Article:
Enhanced recovery of cryopreserved islets using SIS

E. J. Woods, C. M. Walsh, R. A. Sidner, M. A.J. Zieger, S. Mullin, J. R.T. Lakey, C. Ricordi, J. K. Critser

Research output: Contribution to journalArticle

6 Scopus citations

Abstract

Although cryopreservation of pancreatic islets would add flexibility to transplantation, the recoveries are only 60% to 90% and function is decreased. Islets are multicellular structures ∼50 to 250 μm in diameter organized into a network of cells and vascular channels. Due to this complexity, islets are more susceptible to damage during cryopreservation than an individual cell. This study investigated porcine small intestinal submucosa (SIS) as a matrix to support islets recovery and function post-thaw. Groups of frozen/thawed human islets (150 IE/condition; n = 4 preparations) were cultured for 5 weeks in plates containing noncoated Biopore membrane inserts alone or inserts covered with SIS. Islets were placed directly on the insert post-thaw (SIS1), or cultured overnight in standard plates, washed, and then transferred to the SIS (SIS2). Function was assessed by determining glucose-stimulated release of insulin, which was measured by radioimmunoassay. Analysis of basal insulin secretion showed time and treatment to be significantly different (P = .0043 and P = .0123, respectively) but without an interaction (P > .05). The two SIS treatments were not significantly different (P > .05); however, both SIS1 and SIS2 were significantly different from controls (P = .0108 and P = .0420, respectively). Similar results were obtained for stimulation indices; time and treatment were significantly different (P = .0161 and P = .0264, respectively) but not an interaction (P gt; .05). The two SIS treatments were not significantly different (P = .05); however, both SIS 1 and SIS2 differed from controls (P = .0248 and P = .0407, respectively). The results indicate that SIS enables frozen-thawed islets to exhibit superior post-thaw function compared with a non-SIS-supported condition.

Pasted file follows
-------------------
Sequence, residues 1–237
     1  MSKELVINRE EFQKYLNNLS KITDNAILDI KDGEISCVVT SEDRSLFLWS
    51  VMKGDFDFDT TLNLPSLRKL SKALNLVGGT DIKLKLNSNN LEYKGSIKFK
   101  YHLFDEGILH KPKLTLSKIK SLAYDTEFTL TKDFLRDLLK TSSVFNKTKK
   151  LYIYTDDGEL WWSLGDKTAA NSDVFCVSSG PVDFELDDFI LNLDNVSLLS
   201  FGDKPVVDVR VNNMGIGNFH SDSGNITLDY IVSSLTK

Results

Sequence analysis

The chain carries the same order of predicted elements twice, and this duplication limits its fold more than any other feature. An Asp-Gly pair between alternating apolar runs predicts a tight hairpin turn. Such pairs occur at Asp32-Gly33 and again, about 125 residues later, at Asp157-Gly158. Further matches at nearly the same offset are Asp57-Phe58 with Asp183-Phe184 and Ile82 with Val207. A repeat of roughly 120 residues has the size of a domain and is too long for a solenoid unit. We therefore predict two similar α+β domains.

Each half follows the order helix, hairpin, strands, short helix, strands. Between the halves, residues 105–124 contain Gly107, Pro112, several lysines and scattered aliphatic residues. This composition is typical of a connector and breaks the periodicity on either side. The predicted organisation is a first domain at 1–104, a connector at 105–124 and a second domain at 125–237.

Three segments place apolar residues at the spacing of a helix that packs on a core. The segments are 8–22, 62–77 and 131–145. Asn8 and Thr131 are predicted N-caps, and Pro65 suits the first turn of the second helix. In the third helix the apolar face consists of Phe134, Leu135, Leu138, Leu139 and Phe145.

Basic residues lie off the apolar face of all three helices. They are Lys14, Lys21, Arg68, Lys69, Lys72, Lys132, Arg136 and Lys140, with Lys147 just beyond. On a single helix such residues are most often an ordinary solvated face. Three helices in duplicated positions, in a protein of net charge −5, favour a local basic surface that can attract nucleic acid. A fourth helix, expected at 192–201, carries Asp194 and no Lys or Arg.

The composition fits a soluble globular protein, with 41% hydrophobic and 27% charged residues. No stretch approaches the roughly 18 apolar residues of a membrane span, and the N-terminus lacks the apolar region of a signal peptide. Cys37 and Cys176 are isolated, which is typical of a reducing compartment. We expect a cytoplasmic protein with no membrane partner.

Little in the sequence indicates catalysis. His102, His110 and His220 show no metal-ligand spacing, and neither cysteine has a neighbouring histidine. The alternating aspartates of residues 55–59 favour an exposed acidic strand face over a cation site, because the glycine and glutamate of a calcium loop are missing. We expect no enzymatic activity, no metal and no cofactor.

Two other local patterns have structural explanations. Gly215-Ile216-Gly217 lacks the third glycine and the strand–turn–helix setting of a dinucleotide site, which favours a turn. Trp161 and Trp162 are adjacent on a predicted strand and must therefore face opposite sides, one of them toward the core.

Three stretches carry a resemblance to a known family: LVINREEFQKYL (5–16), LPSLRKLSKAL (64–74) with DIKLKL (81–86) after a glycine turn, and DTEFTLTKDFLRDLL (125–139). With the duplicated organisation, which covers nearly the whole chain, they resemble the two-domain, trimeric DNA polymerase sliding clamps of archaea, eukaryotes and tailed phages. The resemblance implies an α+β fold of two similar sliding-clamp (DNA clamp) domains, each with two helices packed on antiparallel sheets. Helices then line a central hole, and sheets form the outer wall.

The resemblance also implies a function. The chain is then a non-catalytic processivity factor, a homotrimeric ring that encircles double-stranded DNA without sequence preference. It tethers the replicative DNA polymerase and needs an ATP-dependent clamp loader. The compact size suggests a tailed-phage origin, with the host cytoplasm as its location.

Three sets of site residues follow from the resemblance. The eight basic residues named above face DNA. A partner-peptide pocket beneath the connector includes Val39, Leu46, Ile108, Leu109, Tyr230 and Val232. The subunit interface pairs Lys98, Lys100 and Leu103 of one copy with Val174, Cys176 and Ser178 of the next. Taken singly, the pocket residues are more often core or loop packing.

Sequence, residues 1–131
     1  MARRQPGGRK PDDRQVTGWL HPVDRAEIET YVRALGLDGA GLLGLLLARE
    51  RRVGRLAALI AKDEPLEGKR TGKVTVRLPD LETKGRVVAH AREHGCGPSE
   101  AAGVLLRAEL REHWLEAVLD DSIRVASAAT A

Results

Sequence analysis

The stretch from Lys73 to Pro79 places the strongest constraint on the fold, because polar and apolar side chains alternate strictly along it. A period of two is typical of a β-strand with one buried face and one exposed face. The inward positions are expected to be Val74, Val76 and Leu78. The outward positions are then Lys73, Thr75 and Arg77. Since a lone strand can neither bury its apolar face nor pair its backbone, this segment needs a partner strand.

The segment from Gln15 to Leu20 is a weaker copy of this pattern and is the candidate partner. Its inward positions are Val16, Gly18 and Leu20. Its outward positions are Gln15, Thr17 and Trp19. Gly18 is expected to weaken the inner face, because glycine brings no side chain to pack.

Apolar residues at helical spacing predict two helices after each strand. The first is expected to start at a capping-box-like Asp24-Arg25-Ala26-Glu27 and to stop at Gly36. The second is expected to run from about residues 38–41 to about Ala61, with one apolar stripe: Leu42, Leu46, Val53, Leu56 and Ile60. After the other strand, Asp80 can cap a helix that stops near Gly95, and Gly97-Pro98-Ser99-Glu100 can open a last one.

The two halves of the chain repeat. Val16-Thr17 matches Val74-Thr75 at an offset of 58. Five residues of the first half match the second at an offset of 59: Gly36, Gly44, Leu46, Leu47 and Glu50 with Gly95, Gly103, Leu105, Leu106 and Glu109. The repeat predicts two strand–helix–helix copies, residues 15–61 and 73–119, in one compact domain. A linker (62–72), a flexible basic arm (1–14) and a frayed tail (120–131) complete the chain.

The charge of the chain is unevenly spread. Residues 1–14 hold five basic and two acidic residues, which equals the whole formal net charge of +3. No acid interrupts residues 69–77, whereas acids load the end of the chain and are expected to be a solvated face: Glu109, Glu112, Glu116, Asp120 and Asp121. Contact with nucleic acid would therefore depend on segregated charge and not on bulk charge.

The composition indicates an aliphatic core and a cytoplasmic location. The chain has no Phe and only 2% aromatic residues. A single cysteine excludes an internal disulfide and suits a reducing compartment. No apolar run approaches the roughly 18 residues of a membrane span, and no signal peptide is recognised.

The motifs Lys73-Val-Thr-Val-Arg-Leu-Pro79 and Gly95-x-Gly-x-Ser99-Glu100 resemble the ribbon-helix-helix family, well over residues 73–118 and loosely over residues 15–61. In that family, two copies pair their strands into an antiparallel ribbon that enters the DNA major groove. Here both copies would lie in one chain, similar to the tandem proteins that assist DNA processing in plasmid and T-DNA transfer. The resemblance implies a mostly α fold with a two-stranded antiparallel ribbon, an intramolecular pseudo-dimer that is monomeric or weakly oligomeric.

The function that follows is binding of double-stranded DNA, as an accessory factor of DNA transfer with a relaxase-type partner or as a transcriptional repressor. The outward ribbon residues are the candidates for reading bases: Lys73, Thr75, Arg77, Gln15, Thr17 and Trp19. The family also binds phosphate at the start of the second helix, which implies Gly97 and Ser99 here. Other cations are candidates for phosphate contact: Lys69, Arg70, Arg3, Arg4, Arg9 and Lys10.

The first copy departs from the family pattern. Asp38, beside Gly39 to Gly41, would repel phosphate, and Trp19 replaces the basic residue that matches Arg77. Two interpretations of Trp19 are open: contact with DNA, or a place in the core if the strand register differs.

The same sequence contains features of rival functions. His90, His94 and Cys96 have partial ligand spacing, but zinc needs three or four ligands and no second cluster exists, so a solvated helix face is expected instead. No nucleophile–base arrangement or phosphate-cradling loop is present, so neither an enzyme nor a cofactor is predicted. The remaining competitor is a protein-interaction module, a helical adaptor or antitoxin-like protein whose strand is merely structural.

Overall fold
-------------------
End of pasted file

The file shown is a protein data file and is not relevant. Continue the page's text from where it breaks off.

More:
Original languageEnglish (US)
Pages (from-to)1139-1142
Number of pages4
JournalTransplantation proceedings
Volume36
Issue number4
DOIs
StatePublished - May 1 2004

ASJC Scopus subject areas

  • Surgery
  • Transplantation

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